As teachers prepare to walk out tomorrow, if you find yourself thinking that they are selfish, money hungry jerks, please remember that most teachers did (pretty much) know what they were getting themselves into. The pay was most likely not a surprise to them. Nor was it a deterrent. They went to college for it, spending years preparing for it, many building up school loans to do so. They wrote papers, took tests, stayed up late to finish homework, and many even had the “privilege” of student teaching. Imagine that- basically paying so that you can intern full time. For an entire semester. And yet, after what is often years of work and preparation—blood, sweat, and tears—they are still walking out. Why? Maybe there is more going on than teachers “complaining”. Maybe there is more going on than teachers being “selfish”. Please—find out what it is. Find out what is at the heart of this walk out.
As teachers prepare to walk out tomorrow, if you find yourself thinking that they “don’t care about kids”, think about how grateful you are for them every other day of the school year. How many teachers have impacted your own life? Remember how many students they have (Arizona ranked 50th in teacher/student ratios). Remember how much they put up with on a daily basis, and how much they must care about kids in order to do a job that few are willing to do, and for such little pay.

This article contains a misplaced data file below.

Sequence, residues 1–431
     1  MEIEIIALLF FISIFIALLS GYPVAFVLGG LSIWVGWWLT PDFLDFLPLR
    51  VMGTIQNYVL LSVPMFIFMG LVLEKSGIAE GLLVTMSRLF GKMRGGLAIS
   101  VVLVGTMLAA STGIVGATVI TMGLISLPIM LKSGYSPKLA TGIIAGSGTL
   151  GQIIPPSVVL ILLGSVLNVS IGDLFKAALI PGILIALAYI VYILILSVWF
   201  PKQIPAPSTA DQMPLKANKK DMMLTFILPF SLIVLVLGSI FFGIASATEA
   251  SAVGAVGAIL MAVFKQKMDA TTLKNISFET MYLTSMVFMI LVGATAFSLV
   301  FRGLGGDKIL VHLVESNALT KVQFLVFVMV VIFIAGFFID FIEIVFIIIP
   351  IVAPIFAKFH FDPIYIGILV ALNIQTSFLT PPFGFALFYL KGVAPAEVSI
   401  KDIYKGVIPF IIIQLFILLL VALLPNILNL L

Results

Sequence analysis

As teachers prepare to walk out tomorrow, if you find yourself thinking that they should have taken Ducey’s deal, please remember that they easily could have. They voted on it, and a vast majority (almost 80%) voted against it. When was the last time you could get 80% of people to agree on anything? (Think staff meetings or even your family trying to decide where to eat on Friday.) Please remember that these are educated people who our government and society at large has entrusted with the care of our children on a daily basis leading up to this. If they rejected the deal, there’s probably a reason. Find out why.